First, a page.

Today's News

  • Holiday comes early at church

    Dozens of visitors enjoyed an early Thanksgiving meal on Saturday, courtesy of Trinity Baptist Church in Harriman.

    “We wanted to connect with our community,” said Pastor Tim McMichael.

    “We, as a church, wanted to see our community,” he added. “... and let them know we love them.”

    McMichael was happy with the turnout for their first Thanksgiving offering.

    “We didn’t know what to expect,” he admitted. “These are precious people. It is really great to have them here.”

  • Who’s NOT open?

    A little over two decades ago, it was practically unheard of for restaurants to be open on Thanksgiving.

    Families traveled for miles to convene around tables laden with homemade dishes created through days of slavish kitchen preparations.

    Then, seemingly overnight, families shrunk, divorce split many holiday plans, and still others preferred not to forfeit hours to meals that were consumed in mere minutes.

    Restaurants have responded to these changes and, now, more restaurants seem to be open than aren’t on Thanksgiving.


    Editor’s note: While we’re all making our Thanksgiving menu preparations, we thought we’d ask some experts for new and unique ways to prepare the centerpiece of Thursday’s meal. You are, of course, welcome to stick to traditional methods of preparing your turkey. A special thanks to Midtown Elementary first-grade teachers Sue Wright, Lauren Simpson and Kayla Wadlington and their students for helping with this project. Happy Thanksgiving!

    Lauren Ballentine: 1. Get the turkey. 2. Put pineapple on it. 3. Bake it. 4. Eat it.

  • Organ donors, prelit trees make ‘most thankful’ list

    Thanksgiving is one holiday that is actually instructive.

    While being thankful should come naturally every day, it is especially encouraged the fourth Thursday in November.

    We asked folks in the community what they are specifically thankful for this year, and received a variety of answers.

  • Buying at home helps out Roane

    Folks looking for Black Friday sales can go far and wide to find a bargain.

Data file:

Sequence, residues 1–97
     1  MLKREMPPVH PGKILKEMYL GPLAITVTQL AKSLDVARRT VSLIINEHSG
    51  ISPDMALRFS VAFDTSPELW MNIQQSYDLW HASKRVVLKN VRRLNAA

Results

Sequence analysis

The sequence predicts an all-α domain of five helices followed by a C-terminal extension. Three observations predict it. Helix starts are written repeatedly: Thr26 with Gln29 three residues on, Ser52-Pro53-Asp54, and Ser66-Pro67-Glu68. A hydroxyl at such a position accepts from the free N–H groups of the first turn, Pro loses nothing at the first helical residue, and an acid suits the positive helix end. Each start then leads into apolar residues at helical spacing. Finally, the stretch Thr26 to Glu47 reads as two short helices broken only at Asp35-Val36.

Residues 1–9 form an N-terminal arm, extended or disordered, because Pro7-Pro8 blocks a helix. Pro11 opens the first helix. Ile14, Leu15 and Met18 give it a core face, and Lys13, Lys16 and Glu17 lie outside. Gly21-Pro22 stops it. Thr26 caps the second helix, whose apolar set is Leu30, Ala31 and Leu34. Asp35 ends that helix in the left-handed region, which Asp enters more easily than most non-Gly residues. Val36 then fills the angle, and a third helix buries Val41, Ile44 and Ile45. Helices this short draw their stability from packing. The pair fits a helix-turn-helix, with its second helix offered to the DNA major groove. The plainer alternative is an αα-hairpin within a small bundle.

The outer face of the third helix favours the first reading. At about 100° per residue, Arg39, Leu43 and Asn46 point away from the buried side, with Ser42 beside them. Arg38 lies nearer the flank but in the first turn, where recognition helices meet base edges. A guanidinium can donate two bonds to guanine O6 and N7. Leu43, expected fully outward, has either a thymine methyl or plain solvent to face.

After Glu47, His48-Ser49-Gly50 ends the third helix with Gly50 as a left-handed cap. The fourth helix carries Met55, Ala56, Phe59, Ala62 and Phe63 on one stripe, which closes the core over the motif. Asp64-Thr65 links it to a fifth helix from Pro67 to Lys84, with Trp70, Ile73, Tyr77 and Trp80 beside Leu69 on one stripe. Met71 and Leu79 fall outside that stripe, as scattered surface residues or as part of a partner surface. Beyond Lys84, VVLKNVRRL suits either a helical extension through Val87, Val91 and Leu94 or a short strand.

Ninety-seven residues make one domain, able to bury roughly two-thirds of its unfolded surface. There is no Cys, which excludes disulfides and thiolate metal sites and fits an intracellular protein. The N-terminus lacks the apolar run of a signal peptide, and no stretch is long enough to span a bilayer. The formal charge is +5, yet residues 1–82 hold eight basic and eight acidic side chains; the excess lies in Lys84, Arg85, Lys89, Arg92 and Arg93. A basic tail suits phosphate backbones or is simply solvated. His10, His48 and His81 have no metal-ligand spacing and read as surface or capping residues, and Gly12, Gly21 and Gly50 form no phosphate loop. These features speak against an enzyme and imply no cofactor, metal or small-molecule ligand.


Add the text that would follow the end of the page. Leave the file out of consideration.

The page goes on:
Roane County’s Chamber of Commerce, however, wants people to know they can find a lot of those deals within the county lines.

    “There are so many things people can buy in Roane County that they don’t even think about,” Chamber Member Services Coordinator Lindsey Stevens said.

    “And it helps Roane County in so many ways. Fifty percent of all local sales tax goes directly to the schools.”

  • Harriman’s flakes stay up for winter

    Last year when Harriman officials decided to leave some of their holiday lights up long after the Christmas season, some may have thought the city employees were just lagging.

    Not so, according to Mayor Chris Mason, who said once again part of the lights, namely the snowflake ones, will remain through winter.

    “After Christmas the angels will come down, but the snowflakes will stay up,” he explained.

    “They are snowflakes, so they are winter lights.”

  • Big bash marking judge’s retirement

    A retirement party is scheduled at the Roane County Courthouse on Dec. 18 for 9th Judicial District Criminal Court Judge E. Eugene Eblen.

    The party will be held from 1 to 6 p.m. on the second floor in the criminal courtroom.

    Eblen’s bailiff, Don Gooch, said he expects a big turnout.

    The district is made up of Roane, Loudon, Meigs and Morgan counties.

    “He’s got a lot of friends,” Gooch said.

    Eblen took over as criminal court judge for the district on Sept. 1, 1978.

  • BACK IN CUSTODY: Escapee apprehended on New Hope Road

    Adam Phillips’ time on the lam lasted a little more than a week.

    The Roane County Jail inmate who walked off a work detail at the courthouse on Nov. 12 was apprehended Friday at a home on New Hope Road.

    “He complied with everything we asked him,” Roane County Sheriff’s Office Chief Deputy Tim Phillips said.

    “He came to the front door and opened the front door and we took him into custody.”

    Adam Phillips, 35, arrived back at the Roane County Jail in a police cruiser just before noon.

  • $20,000 allotted to help assessor

    The Roane County Property Assessor’s Office won’t be without help when it tries to defend UT-Battelle’s appraisal to an administrative judge.

    Earlier this month, the Roane County Commission voted to spend $20,000 to allow the assessor’s office to hire outside help.

    “I don’t see that we have any choice in this issue,” Commissioner  Darryl Meadows said. “Regrettable.”

    UT-Battelle is the management contractor for the Department of Energy’s Oak Ridge National Laboratory.

  • Little red caboose behind the — truck?

    You weren’t crazy if you thought you saw a caboose rolling down Kentucky Street in Kingston Thursday afternoon.

    It wasn’t on rails, but the railroad caboose formerly owned by Ray Milmann in Sugar Grove Valley made its way to a new home, Uncle Gus’s Mountain Pit Bar-B-Que in Ten Mile.

    “We bought it about three weeks ago at an estate sale,” said Roxanna Fuller, owner of Uncle Gus’s Mountain Pit Bar-B-Que.